INBOX:
I am a happy woman with an equally happy family, and I would like to share my insights with you.
I was four when my parents divorced. This sad and unfortunate event affected me greatly, but I’ve learnt a valuable lesson: it’s almost impossible to have a happy childhood if you have miserable parents.

My husband and I have been married for ten years and have a three-year-old son, and I put my marriage first. My husband comes before anyone else in my life, including my beloved child. I think you’ll see that it’s not as harsh as it sounds. Putting my marriage first does not mean neglecting my son; my husband and I are extremely involved parents. I’m just protecting the relationship that’s central to our son’s happy childhood.

Here’s our recipe for a happy family:

Plan child-free couple vacations. Every now and then, go somewhere and reconnect, it could be the best thing you could have done for your marriage. By the time you returned home, you would be a stronger, happier couple, ready to take on whatever challenges lie ahead.

Present a united front. Have each other’s back no matter what, offer support. Don’t try to become the “favourite parent”. Be consistent with your messaging to your children so that they don’t get confused. Show that you’re united in the decisions that you make, as well as demonstrate unequivocal support and respect for each other.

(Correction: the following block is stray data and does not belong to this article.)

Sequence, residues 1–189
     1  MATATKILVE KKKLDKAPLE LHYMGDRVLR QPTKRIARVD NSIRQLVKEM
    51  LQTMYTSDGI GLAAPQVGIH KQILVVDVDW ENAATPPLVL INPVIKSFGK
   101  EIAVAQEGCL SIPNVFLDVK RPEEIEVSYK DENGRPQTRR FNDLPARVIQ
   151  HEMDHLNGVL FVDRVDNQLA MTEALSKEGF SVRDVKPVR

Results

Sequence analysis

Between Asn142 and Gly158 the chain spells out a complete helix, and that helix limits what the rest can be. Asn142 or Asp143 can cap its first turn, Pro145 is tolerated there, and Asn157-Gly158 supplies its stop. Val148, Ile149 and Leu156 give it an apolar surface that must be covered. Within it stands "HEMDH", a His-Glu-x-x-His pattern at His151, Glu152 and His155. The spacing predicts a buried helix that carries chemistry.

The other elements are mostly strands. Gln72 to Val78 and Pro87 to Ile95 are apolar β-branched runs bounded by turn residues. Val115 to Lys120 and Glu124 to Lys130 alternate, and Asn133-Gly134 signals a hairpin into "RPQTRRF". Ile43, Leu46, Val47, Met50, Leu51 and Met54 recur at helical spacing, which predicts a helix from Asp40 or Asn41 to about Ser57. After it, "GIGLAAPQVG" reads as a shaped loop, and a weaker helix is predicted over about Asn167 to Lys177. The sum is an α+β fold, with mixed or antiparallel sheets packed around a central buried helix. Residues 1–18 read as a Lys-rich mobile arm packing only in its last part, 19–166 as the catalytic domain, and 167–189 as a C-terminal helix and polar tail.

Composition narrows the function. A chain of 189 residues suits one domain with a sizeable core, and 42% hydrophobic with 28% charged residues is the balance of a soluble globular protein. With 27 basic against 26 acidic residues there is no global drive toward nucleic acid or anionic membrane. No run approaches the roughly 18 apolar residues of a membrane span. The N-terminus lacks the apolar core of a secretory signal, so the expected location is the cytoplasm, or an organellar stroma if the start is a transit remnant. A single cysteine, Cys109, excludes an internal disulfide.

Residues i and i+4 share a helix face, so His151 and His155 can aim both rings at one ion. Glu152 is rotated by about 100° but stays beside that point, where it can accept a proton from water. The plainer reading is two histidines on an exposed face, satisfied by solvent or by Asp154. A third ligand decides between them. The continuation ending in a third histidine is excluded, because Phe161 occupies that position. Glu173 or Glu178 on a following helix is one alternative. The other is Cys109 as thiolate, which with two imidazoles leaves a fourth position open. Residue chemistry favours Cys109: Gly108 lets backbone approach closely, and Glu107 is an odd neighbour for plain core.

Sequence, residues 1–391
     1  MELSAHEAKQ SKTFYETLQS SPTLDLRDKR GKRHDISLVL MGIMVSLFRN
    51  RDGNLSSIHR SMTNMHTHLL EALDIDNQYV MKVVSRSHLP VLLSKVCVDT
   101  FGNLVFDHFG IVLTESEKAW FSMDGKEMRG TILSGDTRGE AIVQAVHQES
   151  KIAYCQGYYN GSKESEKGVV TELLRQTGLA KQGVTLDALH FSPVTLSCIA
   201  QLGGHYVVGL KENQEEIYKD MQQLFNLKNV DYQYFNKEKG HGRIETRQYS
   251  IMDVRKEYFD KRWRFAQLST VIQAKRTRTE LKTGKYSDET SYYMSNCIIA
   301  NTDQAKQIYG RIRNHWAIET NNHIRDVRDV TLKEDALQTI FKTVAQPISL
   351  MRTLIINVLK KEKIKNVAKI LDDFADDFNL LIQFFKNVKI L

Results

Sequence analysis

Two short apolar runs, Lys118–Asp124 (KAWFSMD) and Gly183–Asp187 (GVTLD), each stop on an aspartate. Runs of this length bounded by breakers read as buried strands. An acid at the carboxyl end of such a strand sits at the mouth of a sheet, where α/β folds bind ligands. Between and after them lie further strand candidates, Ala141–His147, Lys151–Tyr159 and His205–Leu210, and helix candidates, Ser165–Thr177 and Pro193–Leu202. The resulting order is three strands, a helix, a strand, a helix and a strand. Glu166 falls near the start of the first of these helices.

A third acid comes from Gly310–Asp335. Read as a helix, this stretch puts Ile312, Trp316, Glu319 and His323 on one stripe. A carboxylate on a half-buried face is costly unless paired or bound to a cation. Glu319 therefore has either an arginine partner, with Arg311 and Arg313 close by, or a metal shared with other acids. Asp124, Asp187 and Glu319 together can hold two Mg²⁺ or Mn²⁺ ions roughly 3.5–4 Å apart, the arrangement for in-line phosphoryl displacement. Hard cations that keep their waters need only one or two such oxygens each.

Keep the baby out of the bed. Make a conscious decision from the very beginning not to co-sleep. Your bed is your private space where you have sex or cuddle without worrying about a baby sleeping between you. Your children will eventually learn that this space is his parents’ special place.

Respect each other’s needs. Take turns getting up and spending time with your children if both of you aren’t morning persons. Protect the other partner’s needs out of love and respect. Let your spouse have a night out with their friends. Those time-outs make you better parents?and better partners, too.

Recognize each other’s greatness. Praise each other to other people, as well as to your children. Complement each other in front of them, both to build his respect and love for the other parent, as well as to show your love and appreciation for each other. It’s a perfect way to keep the other partner from feeling unimportant, unnoticed, or on the back burner.

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